Dads Are Going To Pride Parades To Hug LGBTQ+ Children Who Didn't Have Supportive Parents

In light of Pride Month, dads are going to Pride Parades to offer hugs to members of the LGBTQ+ community who didn’t have supportive parents. In a heartwarming post by Howie Dittman, parents are being called out for not providing their kids with unconditional love and support. Without a guiding influence in their lives, these kids had to figure out their identities alone—something truly scary.

This month, Pride Parades are happening all across the world. Pride’s goal is to support the LGBTQ+ community by using the Pride Festival as a central rallying point. Through the celebration of diversity and constant support from the community and its allies, Pride in every city will create a space for people to express who they truly are, both now and in the future. While support from the community is essential, it’s important that the people closest to you also accept you for who you are.

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“PARENTS. A handful of us went to the Pittsburgh Pride Parade today, sporting our FREE DAD HUGS and FREE MOM HUGS...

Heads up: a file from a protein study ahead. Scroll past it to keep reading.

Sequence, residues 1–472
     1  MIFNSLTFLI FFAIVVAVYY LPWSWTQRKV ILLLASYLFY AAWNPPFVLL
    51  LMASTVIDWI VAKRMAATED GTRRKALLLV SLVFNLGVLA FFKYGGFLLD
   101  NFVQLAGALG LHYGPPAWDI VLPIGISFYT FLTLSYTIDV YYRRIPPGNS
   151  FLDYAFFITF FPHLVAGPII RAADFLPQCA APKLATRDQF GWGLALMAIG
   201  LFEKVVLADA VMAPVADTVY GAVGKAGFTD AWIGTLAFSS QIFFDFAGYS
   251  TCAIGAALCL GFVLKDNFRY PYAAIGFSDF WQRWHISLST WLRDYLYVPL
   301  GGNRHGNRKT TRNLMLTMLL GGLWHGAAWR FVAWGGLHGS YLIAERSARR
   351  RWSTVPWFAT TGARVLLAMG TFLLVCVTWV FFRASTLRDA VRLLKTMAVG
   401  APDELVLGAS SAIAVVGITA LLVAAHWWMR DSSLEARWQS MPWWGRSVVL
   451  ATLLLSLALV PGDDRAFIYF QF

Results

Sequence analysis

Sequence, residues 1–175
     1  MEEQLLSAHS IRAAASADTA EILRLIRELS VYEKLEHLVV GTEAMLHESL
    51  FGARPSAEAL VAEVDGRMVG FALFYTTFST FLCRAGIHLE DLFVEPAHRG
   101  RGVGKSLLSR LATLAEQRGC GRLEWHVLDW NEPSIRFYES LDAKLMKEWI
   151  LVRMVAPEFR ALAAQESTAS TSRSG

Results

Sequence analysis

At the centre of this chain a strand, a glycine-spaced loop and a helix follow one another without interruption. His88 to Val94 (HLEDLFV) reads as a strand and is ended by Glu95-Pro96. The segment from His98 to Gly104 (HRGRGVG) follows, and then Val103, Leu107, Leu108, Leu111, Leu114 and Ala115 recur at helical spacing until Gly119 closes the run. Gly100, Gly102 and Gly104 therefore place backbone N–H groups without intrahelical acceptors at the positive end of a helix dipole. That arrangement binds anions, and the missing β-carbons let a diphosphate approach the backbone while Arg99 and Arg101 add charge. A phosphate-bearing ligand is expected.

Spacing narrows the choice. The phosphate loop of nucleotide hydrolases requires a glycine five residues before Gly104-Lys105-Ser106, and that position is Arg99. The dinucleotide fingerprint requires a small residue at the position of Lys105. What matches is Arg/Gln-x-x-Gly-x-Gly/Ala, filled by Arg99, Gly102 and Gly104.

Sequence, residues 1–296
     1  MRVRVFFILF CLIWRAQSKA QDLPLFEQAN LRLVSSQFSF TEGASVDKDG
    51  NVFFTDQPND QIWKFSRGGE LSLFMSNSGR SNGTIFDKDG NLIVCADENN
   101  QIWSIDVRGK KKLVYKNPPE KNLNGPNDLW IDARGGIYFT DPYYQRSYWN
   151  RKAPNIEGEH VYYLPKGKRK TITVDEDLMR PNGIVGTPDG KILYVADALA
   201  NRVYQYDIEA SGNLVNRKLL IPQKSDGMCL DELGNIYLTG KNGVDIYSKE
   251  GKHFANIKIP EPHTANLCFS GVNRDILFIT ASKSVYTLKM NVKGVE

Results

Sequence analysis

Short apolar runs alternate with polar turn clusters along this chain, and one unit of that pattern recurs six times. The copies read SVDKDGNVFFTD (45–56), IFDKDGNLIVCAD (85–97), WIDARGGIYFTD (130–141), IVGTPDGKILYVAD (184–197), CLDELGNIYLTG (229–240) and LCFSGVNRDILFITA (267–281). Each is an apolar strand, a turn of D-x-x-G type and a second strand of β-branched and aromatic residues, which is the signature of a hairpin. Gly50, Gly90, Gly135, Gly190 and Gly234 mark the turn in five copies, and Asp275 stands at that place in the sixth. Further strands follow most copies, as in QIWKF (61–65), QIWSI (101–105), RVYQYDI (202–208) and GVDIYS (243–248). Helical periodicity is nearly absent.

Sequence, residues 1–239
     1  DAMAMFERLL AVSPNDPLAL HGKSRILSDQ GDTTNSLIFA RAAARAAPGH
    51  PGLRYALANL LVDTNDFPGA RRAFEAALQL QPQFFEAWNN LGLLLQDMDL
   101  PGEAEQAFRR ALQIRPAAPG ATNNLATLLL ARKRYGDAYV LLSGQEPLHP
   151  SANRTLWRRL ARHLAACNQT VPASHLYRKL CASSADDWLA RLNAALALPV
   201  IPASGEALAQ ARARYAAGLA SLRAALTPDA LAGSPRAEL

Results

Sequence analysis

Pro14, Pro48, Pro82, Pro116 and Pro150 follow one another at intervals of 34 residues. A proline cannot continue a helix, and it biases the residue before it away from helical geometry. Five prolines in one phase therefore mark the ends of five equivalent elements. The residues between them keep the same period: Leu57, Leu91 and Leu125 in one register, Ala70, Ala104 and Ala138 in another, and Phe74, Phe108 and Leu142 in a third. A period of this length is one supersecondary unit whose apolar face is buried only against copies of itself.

Posted by Love What Matters on Monday, June 10, 2019

Dittman and a handful of his friends went to the Pittsburgh Pride Parade last Monday, and they stood there giving free dad and mom hugs. In a Facebook post on the Love What Matters page, Dittman describes two specific interactions he had with people at the parade. The boy he was hugging told him that he was kicked out at 19 when his parents found out about his sexuality, and they haven’t spoken to him since. The girl hugged him for so long and was thanking him endlessly.

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On that day, over 700 hugs were given in two and a half hours. Upon seeing the “free dad hugs” or “free mom hugs” tees that the group were wearing, many marchers were brought to tears and melted in the arms of a stranger. Dittman told CBS News that he decided to go give free hugs because he thought that the rate of rejection from fathers is probably higher than mothers, so he can be the stand-in dad who gives unconditional support and love.

Dittman’s post urges parents to imagine what their child feels like. They have been pushed so far away from their parents just because of who they are—to the point that they would cry in the arms of a stranger. It shouldn’t have to take you seeing your child in the arms of a stranger to realize how much they need your love and support.

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